Earlier in the week, the ADP jobs report came out slightly better than expected.  While ADP is the nation’s largest payroll processor, I have found that their report has its limitations.  The ADP report is more focused on small businesses, while the government statistics are broader in nature. Unfortunately both the BLS and ADP reports can create short-term volatility in the stock market.  In the long run, it’s like last year’s Super Bowl:  I don’t even remember who played.

Rather than focusing on the month-to-month changes, we believe what is important is the bigger picture.  We are encouraged that payroll employment has increased by an average of 86,000 per month since its recent low point in December 2009.  Since that time, the economy has added about 1 million jobs.  Jobs are being created, although a bit more slowly than we would like.  It is important to remember that the current pace of job creation is a dramatic improvement from the monthly job losses of -524,000 to -651,000 that we were seeing in late 2008 and early 2009.  Unemployment is a lagging indicator, and will be one of the last things to improve as the economy recovers.

 Bill Hansen, CFA

Managing Partner

December 3, 2010

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Politics and Stocks

In this murky soup of American politics, we try to place blame on one politician or another for his or her influence over policies that may or may not directly affect the enormous capitalist economy that we have. People often ask, “Is it better for the stock market when there is a Democratic President/Congress or a Republican one?

According to Crandall, Pierce & Co., the Dow Jones Industrial Average had the following results. This is for the 1945-2009 time period.

Circumstance Average DJIA Annual Return
Who is the President?  
Democratic President    9.43%
Republican President    6.81%
What happens when parties line-up for President and Congress?  
Democratic President, Senate & House 7.43%
Republican President, Senate & House 14.06%
What is the best historical scenario for the stock market?   
Democratic President and Republican Senate & House 14.67%
*Since 1945 there has not been a line up of the current situation: Democratic President, Democratic Senate and Republican House.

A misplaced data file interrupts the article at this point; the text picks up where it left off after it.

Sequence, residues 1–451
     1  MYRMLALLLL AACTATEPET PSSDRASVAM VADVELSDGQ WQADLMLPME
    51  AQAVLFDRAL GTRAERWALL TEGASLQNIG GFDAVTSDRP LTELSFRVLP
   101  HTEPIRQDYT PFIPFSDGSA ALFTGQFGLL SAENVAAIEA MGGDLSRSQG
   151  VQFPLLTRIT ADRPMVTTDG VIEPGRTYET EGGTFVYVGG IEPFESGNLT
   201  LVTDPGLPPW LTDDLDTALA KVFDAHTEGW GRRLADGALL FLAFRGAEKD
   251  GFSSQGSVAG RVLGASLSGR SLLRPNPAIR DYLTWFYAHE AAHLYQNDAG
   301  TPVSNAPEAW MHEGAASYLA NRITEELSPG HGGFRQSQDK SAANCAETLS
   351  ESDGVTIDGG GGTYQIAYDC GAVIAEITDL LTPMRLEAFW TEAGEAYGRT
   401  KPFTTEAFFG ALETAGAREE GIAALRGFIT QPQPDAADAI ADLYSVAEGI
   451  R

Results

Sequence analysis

Notably, all returns are positive, pointing to the fact that on average annual stock returns are positive regardless of politics. The dispersion of returns is large enough however that knowing the average return does not give you much insight into what stock returns will be in any given year. Since you can’t really use this information to your benefit, it is best to keep a long-term perspective with a well-diversified portfolio.

It is my opinion that so many factors affect the stock market that this is no true indicator of stock market performance. The market is affected by past policy and present decisions, as well as investor expectations. It is affected by a global economy and enormous world-wide demographics. Nevertheless, we do get asked the question fairly often, so here are the statistics – but you may want to take them with a grain of salt.

Harli L. Palme, CFP®

Financial Advisor

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Positive Thoughts on the Stock Market

Eighteen months ago, in early March of 2009, the stock market reached its low point with the S&P 500 at 667.  Currently it is 1,045, + 57%.  Then the economy was sinking; now it’s growing.  Jobs were being lost, now they are being created.  Inflation is very low.  Interest rates are at an all time low.  Corporate profits are rising rapidly; corporate cash accumulation exceeds $1.8 trillion!